Calathea Dottie plants are often robust and pest-resistant, but like any indoor plant, they can sometimes get infested with certain pests. Here are a few typical bugs that might hurt Calathea Dottie plants:
- Spider mites: Spider mites are tiny insects that can infest Calathea Dottie leaves, turning them yellow and giving them a spotted look. Keep it damp around the plant and spray the leaves often to avoid spider mites.
- Mealybugs: Mealybugs are tiny, white bugs that can turn leaves yellow and cause slower growth in Calathea Dottie plants when they’re around. Check your plant often for mealybugs and get rid of any bugs or leaves that are bug-eaten.
- Scale insects: Calathea Dottie plants can get infested with these tiny, static insects, which can stick onto the leaves and stems, causing yellowing of the leaves and limited growth. Check your plant often and get rid of any insects or leaves that are damaged to prevent scale insects.
- Fungus Gnats: Calathea Dottie plants may get infested with fungus gnats, which are tiny flying bugs that can harm the roots of these plants. Make sure the soil drains well and don’t overwater your plant to prevent fungus gnats.
You need to check the plant from time to time for signs of pest invasions if you want to keep the health of your Calathea Dottie. Early spotting and treatment can keep your plant healthy and help stop additional damage.
Plant diseases are a common issue with Calathea Dottie plants, some of which may be caused by bad care.
Root rot is one such condition, caused when the plant sits in a lot of water or its soil is kept too wet. This leads to fungus problems that can quickly kill the plant if not treated fast and rightly.
Other diseases like powdery mold and leaf spots may also happen, which are caused by bad air flow, not enough light, or a mix of both. You should keep an eye out for signs of disease like color-changed leaves and stopped growth, and act if necessary.
Regularly checking the plant and its environment is important to keep Calathea Dottie healthy and without diseases.
To stop diseases from spreading, you need to also make efforts to ensure the plant is getting the right amount of light, water, and air.
Calathea Dottie Care Common Problems
Calathea might run into problems due to bad care and environmental conditions. Brown leaf tips, dry leaves and stems, wilting leaves and yellowing foliage are the usual issues. All of these issues can be solved with proper care and a closer look at the environment where your Calathea is living.
- Brown leaf tips are a common problem and could be because of both under and overwatering, as well as too much direct sunlight or heat. To fix this problem, make sure to water your Calathea often, but don’t let it sit in the water for a long time. Brown leaf tips could also be due to too much direct sunlight, so make sure to keep your plant in a spot that gets indirect light.
- Dry leaves and stems are another common problem because of under-watering or not giving enough moisture around the plant. To fix this, water it more often and think about getting a humidifier or misting your Calathea often.
- Wilting leaves can be because of under-watering or too much direct sunlight, and yellowing foliage is a sign of overwatering. Make sure to check the soil before you add more water, as it should feel a bit damp but not soaked before doing so.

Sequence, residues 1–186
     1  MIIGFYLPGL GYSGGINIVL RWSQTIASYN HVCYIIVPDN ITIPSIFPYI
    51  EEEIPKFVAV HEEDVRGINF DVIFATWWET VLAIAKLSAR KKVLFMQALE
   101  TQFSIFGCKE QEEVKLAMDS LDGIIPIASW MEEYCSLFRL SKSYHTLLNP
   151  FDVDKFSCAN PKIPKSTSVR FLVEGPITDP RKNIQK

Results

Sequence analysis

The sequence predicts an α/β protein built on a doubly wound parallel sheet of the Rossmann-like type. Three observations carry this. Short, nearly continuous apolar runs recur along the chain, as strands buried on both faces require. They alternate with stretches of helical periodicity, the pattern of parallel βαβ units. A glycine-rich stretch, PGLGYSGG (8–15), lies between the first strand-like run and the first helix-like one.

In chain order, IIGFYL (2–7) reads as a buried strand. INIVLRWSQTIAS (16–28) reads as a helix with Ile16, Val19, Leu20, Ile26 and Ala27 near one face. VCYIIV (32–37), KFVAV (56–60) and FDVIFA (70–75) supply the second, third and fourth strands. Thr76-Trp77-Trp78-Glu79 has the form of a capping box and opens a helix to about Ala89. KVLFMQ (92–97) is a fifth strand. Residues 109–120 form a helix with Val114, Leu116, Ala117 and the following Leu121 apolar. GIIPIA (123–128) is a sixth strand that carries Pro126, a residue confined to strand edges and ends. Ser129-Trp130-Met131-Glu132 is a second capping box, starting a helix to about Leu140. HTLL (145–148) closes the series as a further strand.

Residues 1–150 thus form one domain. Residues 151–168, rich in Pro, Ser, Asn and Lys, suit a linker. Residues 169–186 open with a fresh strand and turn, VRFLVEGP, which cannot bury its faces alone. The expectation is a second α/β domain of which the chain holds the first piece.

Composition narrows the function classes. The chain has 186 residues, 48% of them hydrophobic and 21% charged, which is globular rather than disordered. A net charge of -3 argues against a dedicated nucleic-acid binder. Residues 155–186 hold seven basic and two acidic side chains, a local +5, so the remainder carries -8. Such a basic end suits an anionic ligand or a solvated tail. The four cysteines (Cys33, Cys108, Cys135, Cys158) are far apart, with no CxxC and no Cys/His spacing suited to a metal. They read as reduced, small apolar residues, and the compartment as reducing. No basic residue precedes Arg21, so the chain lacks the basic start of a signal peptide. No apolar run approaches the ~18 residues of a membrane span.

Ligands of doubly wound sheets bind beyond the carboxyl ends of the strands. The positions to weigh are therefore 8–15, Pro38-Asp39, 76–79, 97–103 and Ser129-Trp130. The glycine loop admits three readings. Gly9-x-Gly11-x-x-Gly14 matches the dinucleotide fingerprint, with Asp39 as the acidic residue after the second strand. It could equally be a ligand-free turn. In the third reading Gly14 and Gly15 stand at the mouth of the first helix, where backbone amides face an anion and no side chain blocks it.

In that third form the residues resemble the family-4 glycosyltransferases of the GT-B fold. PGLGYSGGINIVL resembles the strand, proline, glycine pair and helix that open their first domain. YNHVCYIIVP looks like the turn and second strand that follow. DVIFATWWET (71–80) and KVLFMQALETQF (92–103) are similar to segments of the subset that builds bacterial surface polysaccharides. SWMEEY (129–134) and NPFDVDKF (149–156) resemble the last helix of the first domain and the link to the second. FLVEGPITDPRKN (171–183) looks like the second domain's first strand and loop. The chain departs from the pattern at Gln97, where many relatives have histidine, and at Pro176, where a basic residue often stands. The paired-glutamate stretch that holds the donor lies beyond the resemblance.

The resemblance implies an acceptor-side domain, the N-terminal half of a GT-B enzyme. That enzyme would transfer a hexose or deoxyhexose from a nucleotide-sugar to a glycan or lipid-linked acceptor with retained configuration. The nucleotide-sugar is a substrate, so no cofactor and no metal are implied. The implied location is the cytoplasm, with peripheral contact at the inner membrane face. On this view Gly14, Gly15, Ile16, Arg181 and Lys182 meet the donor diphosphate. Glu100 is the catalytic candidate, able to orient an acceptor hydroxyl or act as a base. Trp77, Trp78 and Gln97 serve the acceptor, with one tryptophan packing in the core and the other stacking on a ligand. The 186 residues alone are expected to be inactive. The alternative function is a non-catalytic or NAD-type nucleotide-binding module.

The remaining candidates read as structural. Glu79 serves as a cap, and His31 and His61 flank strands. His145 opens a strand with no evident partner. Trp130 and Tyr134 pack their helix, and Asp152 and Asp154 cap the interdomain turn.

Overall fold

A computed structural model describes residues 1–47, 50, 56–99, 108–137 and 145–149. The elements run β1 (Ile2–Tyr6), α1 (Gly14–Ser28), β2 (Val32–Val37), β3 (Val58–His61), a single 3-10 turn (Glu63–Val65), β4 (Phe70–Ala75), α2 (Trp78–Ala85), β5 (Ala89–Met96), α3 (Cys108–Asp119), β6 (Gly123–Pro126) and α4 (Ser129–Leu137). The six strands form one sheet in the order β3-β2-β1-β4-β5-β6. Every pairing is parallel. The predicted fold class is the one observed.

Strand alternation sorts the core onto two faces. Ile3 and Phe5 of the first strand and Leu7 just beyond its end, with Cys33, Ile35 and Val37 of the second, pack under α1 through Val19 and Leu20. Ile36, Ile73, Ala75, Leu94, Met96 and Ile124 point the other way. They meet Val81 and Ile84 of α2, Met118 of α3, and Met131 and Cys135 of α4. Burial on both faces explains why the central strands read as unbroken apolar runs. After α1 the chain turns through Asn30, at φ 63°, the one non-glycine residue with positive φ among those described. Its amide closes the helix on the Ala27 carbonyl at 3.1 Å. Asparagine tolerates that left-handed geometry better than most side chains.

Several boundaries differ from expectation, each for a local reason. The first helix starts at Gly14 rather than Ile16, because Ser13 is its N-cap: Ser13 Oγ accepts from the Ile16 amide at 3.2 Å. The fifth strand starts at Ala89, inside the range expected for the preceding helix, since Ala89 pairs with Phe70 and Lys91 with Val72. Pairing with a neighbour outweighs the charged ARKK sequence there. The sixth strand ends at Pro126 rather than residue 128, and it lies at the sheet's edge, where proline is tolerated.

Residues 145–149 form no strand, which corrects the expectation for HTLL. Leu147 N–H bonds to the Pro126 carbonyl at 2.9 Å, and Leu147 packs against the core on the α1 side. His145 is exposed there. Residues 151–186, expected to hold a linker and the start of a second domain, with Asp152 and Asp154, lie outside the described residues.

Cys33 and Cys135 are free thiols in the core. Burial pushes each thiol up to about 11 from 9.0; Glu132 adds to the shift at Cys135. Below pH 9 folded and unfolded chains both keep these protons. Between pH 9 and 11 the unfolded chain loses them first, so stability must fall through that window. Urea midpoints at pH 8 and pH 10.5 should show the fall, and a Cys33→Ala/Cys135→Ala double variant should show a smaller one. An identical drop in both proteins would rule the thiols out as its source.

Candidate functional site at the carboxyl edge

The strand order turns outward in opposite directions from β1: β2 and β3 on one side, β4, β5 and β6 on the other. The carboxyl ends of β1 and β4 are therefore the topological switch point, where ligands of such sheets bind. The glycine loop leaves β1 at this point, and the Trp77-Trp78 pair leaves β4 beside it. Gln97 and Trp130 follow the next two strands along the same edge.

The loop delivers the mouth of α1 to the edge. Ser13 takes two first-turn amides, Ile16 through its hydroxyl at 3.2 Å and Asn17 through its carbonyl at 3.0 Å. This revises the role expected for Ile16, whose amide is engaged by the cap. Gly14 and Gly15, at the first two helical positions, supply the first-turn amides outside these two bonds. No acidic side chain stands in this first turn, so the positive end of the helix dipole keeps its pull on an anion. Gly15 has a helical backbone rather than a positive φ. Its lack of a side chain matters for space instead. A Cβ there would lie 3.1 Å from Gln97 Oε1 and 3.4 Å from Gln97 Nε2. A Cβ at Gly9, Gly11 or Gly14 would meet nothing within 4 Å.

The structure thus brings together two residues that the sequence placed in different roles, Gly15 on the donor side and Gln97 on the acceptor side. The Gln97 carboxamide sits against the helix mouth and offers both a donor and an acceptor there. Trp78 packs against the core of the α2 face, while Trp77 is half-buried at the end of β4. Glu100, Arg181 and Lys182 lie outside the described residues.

- Your Leaves Are Spotted Brown or Black: This indicates that you have overwatered your plant. Calatheas prefer a moist environment, but because they’re likely to get root rot, you should be careful not to overwater them and let the roots get the oxygen they need.
By getting these common issues and the reasons behind them, you can easily change how you care for your Calathea Dottie to ensure it stays healthy and vibrant.
FAQ About Calathea Dottie Care
Q: Does Calathea Dottie need fertilizing?
A: Yep, it loves regular fertilizing during the growing season (spring to fall). Use a balanced, liquid fertilizer meant for houseplants. Just go by what’s written on the packaging for how much and how often to fertilizing.
Q: How often should I water Calathea Dottie?
A: Water Calathea Dottie when the top 1-2 inches of soil feels dry to the touch. During the summer months, it may need to be watered more frequently, but always check the soil before you water it. If you are unsure, it is better to underwater than overwater as Calathea Dottie will not tolerate soggy soil conditions.
Q: What is the best temperature range for Calathea Dottie?
A: Calathea Dottie prefers temperatures between 64 and 81°F (18-27°C). It should not be placed in a room where the temperature drops below 60°F (15°C) or rises above 85°F (29°C). Extreme temperatures can cause damage to its leaves.
Q: Does Calathea Dottie need humidity?
A: Yes, Calathea Dottie prefers higher humidity levels, but will tolerate average household humidity levels. To increase the humidity around your plant, use a humidifier or place it near other houseplants that release moisture into the air. You can also mist it frequently.
Calathea Dottie is lovely, but it still needs some basic upkeep to survive. You shouldn’t have any trouble maintaining the health and happiness of your Calathea if you stick to the advice we’ve provided above.
Of course, don’t be shy to hit up FamiPlants for help if you run into any problems or just have questions about taking care of plants. We love chatting about plants with other plant lovers.